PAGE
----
The BoA voted unanimously to deny the variances. The BoA's composition is a positive legacy from Mayor Bill LaFortune's administration, which his successors have wisely left untouched. LaFortune appointed Frazier Henke, Mike Tidwell, and Clayda Stead to the board. Surveyor David White had served as chairman during the Savage administration (the best member of the pre-LaFortune board) and was brought back to the BoA by Kathy Taylor, who also appointed Stuart Van De Wiele. LaFortune's three appointees reestablished the principle that the zoning code was to be followed as written, with variances granted only where a true hardship exists. Getting a variance shouldn't be just a matter of hiring an influential zoning attorney.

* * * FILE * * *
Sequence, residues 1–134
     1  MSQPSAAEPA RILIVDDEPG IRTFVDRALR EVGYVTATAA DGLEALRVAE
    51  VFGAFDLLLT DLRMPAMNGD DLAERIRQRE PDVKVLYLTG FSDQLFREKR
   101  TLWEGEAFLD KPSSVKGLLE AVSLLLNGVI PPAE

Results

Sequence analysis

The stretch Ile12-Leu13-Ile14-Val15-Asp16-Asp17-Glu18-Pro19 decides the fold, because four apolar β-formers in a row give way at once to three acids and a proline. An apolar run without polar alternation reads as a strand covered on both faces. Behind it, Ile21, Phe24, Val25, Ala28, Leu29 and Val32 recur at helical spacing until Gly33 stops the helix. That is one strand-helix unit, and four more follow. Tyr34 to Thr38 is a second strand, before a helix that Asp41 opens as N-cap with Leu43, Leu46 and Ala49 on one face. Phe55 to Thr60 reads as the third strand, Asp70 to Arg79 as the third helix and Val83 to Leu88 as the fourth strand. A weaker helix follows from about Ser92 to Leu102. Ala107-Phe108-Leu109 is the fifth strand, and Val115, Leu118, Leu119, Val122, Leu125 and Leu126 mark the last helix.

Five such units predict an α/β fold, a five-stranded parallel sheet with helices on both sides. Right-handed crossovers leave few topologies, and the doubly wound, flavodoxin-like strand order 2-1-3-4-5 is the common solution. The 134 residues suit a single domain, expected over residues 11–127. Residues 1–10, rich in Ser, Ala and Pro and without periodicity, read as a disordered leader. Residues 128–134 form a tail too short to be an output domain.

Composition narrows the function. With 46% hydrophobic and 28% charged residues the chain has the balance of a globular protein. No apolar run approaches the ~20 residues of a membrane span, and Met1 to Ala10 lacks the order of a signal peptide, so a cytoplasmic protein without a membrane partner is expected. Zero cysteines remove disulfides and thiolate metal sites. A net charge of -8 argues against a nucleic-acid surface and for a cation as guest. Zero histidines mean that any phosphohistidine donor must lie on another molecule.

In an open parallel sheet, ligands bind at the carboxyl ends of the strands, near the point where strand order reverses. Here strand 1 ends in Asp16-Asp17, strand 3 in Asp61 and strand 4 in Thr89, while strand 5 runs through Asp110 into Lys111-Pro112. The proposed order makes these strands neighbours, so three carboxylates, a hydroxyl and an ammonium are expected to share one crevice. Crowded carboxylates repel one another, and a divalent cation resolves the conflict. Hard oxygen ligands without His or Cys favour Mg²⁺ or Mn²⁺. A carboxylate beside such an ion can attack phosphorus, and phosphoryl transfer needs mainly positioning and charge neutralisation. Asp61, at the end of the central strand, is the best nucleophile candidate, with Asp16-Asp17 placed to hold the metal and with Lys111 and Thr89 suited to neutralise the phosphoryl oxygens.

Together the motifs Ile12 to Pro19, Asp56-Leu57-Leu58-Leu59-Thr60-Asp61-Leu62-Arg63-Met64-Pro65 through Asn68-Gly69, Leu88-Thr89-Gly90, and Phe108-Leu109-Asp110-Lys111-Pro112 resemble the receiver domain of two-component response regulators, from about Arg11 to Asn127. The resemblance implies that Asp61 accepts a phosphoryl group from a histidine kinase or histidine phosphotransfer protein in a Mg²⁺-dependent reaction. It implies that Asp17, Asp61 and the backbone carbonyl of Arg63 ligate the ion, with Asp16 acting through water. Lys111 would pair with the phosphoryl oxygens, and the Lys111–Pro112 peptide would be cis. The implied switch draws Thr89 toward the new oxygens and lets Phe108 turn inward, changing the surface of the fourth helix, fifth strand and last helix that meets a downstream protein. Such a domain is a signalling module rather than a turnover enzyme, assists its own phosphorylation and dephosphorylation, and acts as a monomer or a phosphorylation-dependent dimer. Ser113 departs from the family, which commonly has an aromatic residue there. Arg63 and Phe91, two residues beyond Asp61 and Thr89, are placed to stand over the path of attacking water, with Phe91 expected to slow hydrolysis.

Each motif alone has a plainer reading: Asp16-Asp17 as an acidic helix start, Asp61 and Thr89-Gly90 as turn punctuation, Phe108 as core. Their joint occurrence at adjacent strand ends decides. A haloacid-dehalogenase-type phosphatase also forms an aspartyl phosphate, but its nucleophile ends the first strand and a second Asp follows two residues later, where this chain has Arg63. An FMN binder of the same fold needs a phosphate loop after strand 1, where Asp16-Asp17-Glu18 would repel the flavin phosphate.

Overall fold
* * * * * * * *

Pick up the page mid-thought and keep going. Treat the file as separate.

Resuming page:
Realtor Lori Cain, who lives next door to the subject property, led the opposition to the variances and notes on her blog that the owner has several profitable options within the existing zoning code.

Urban infill is the process of developing vacant or under-used parcels within existing urban areas that are already largely developed. While we ENCOURAGE infill, we expect that the infill be appropriate for the neighborhood, accommodate existing architectural style, -- and not create additional public safety and storm water issues.

Why should the developer's right to make a profit be given more consideration than OUR investments in our personal homesteads? Why should he not build within the zoning restrictions KNOWN to him at the time of his purchase? He could easily build a single-family dwelling and sell it at a profit. Or, if he's insistent on rentals, he could build an upscale duplex or triplex within existing zoning restrictions.